Michigan Democrats' first bills include right-to-work repeal, prevailing wage

Beth LeBlanc Craig Mauger
The Detroit News

Lansing — With new majorities in place, Michigan Democrats outlined their first proposals of the 2023-2024 term that would repeal the state's right-to-work law, restore a prevailing wage policy and expand anti-discrimination protections.

Democrats announced their initial bills on Wednesday, the first session day of the year and the first session day when they've held power in both the House and Senate in nearly 40 years. The measures would undo some of Republicans' top legislative priorities from their decades in control while instituting targeted tax relief previously championed by Democratic Gov. Gretchen Whitmer.

“These initial bills represent our collective commitment to expanding rights and opportunities for the people of Michigan,” Senate Majority Leader Winnie Brinks, D-Grand Rapids, said. “Our first and only order of business is to tackle the real challenges that folks are facing by implementing an agenda that makes Michigan an even better place to call home."

Michigan Speaker of the House Joe Tate walks out to the inauguration seating area.

House Speaker Joe Tate, D-Detroit, said the bills "advance the priorities of the people."

“Michigan families are struggling,” Tate said Wednesday from the House rostrum. “Our job is to recognize their struggles, acknowledge their hardships and support meaningful change that increases their financial security and stability.”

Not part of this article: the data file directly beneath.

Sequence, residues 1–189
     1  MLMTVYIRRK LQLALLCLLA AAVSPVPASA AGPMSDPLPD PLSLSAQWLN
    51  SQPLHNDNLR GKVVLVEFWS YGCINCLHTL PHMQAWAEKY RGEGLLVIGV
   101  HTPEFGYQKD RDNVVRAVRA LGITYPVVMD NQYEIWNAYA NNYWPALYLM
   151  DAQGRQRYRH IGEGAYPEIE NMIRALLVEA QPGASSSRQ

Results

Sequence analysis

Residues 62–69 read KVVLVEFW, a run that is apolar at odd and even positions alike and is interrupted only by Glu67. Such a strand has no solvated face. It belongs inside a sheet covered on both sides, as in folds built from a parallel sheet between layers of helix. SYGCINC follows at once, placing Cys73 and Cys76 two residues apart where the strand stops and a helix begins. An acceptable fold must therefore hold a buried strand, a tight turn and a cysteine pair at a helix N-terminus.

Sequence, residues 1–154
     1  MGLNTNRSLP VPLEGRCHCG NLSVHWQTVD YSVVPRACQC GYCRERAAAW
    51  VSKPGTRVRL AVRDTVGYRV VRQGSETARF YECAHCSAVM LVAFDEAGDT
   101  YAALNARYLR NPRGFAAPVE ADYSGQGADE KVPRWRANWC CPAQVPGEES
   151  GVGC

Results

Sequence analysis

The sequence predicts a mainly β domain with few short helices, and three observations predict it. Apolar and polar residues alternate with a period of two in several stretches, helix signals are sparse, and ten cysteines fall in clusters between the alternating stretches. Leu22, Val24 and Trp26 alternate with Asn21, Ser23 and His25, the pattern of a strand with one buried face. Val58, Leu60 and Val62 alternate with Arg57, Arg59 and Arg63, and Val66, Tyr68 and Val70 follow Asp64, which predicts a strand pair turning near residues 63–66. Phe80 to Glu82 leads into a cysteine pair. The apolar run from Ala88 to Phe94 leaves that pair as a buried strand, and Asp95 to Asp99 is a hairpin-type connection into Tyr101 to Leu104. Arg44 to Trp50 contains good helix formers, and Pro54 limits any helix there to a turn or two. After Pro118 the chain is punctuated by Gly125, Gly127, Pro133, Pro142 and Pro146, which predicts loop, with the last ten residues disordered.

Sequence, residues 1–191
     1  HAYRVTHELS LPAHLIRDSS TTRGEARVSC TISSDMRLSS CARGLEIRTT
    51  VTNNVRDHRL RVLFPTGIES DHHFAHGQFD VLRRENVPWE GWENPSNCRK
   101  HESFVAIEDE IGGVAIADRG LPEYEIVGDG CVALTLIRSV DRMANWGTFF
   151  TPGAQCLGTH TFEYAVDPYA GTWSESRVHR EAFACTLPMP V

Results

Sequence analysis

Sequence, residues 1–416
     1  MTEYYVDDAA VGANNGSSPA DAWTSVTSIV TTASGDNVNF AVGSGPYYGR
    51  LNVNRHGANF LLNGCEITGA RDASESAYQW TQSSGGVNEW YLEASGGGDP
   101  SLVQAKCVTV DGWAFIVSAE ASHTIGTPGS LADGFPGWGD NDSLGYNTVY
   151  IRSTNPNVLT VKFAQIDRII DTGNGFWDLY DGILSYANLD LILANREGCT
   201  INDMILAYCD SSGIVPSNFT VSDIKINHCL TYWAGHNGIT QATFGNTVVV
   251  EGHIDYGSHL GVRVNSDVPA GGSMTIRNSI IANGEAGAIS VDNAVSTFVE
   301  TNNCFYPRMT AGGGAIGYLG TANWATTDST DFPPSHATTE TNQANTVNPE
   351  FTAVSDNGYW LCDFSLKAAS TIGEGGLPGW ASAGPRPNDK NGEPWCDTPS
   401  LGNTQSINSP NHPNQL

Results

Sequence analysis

The Democratic proposals will formally debut on Thursday when the full details of the bills will be made available.

But on Wednesday, Democrats released brief descriptions of the six pieces of legislation that are scheduled to be introduced in the House and Senate.

Right-to-work repeal on docket

One proposal would repeal the controversial right-to-work law that GOP Gov. Rick Snyder signed in December 2012 amid protests outside the state Capitol. The policy, which was viewed as a triumph among Republicans, barred labor contracts from requiring workers to become union members or pay the union a fee as a condition of their employment.

Democrats have been debating how quickly to advance right-to-work repeal in the new term.

Brinks was noncommittal Wednesday on whether she wanted to repeal the law.

"We are talking to all of the parties that we need to talk to in order to be successful with our entire legislative agenda," the Senate majority leader said.

Democrats hold narrow majorities in both the House and Senate. In the House, the breakdown is 56-54. In the Senate, it's 20-18. Republicans have urged Democrats to focus on topics where the two parties can work together.

Senate Minority Leader Aric Nesbitt, R-Porter Township, called right-to-work repeal an "extreme" position.

"People want you work in the middle 70% instead of the extremes on one side," Nesbitt said.

Bill would reinstate prevailing wage